Play Live Radio
Next Up:
0:00 0:00
Available On Air Stations

FAU Partners With DEA To Raise Awareness About South Florida's Opioid Crisis

Narcan is administered as a nasal spray to help people survive opioid overdoses.
Peter Haden
Narcan is administered as a nasal spray to help people survive opioid overdoses.

According to official records,  more than 1,000 people in South Florida overdosed last year on opioids including heroin and carfentanil -- a drug so potent it’s used as an elephant tranquilizer.

The growing threat of the opioids epidemic is mobilizing law enforcement and community leaders to form new partnerships and collaborate in events such as last week's discussion hosted by Florida Atlantic University (FAU). 

"It oftentimes starts in people’s medicine cabinets," said Jonathon White, a special agent based in Miami for the Drug Enforcement Administration (DEA). "People can find themselves addicted to an opioid and it’s a very short path to heroin. And other people, often times young people, think it’s a harmless, fun thing to try."

That was the message of a 50-minute documentary video shown at the discussion led by White and Dr. Justin Miller, a DEA field intelligence manager. Called "Chasing the Dragon," it presented the stories of people recovering from opioid addiction. Some of the men and women profiled became addicted after being treated for pain with medications like fentanyl. Others began taking opioids for the potent highs the drugs can produce. There was  a common message: Avoid highly addictive opiates at all costs.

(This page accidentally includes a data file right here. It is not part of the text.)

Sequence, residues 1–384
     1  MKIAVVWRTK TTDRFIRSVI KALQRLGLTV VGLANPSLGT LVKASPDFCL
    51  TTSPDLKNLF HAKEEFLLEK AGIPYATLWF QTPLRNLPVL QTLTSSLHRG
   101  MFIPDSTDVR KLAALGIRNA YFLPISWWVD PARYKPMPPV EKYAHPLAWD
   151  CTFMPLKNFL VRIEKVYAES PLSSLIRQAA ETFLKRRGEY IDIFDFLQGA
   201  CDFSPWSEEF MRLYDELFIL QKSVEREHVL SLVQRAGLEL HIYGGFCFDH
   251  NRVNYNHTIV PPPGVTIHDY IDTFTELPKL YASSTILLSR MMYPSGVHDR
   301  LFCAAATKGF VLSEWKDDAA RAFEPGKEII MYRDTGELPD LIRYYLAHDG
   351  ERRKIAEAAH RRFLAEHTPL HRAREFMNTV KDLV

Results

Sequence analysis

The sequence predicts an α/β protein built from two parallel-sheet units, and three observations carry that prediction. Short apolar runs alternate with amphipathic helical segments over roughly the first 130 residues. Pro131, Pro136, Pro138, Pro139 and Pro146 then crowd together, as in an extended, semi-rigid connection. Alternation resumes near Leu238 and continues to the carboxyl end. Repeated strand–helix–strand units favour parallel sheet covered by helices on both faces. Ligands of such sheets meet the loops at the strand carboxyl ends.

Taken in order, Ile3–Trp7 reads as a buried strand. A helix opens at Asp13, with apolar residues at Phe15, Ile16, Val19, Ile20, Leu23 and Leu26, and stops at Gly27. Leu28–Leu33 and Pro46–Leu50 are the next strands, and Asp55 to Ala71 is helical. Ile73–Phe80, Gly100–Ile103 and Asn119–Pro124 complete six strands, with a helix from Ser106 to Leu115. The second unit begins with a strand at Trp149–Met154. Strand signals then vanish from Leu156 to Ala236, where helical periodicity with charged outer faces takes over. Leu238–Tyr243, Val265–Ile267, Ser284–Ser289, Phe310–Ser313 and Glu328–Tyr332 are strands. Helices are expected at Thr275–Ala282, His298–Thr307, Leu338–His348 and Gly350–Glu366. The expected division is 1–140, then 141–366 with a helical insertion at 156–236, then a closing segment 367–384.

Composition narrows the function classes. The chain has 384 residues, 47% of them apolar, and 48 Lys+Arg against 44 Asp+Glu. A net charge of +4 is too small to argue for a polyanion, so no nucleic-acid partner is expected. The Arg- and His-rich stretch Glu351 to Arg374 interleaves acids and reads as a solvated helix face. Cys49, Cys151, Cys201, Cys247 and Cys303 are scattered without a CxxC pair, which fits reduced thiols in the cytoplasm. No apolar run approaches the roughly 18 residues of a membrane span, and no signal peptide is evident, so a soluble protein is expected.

FAU Police Chief Sean Brammer attended the panel and saidthat  last month his 42 officers received opioid response training. They’ll be carrying Narcan, a drug that can keep overdoses from becoming deadly.

"We haven’t had any opiate overdoses on campus just yet," Brammer said. "However, what we are trying to do is to be proactive and not be reactive and have to deal with it on the backside."

Copyright 2020 WLRN 91.3 FM. To see more, visit WLRN 91.3 FM.

Kate Stein can't quite explain what attracts her to South Florida. It's more than just the warm weather (although this Wisconsin native and Northwestern University graduate definitely appreciates the South Florida sunshine). It has a lot to do with being able to travel from the Everglades to Little Havana to Brickell without turning off 8th Street. It's also related to Stein's fantastic coworkers, whom she first got to know during a winter 2016 internship.Officially, Stein is WLRN's environment, data and transportation journalist. Privately, she uses her job as an excuse to rove around South Florida searching for stories à la Carl Hiaasen and Edna Buchanan. Regardless, Stein speaks Spanish and is always thrilled to run, explore and read.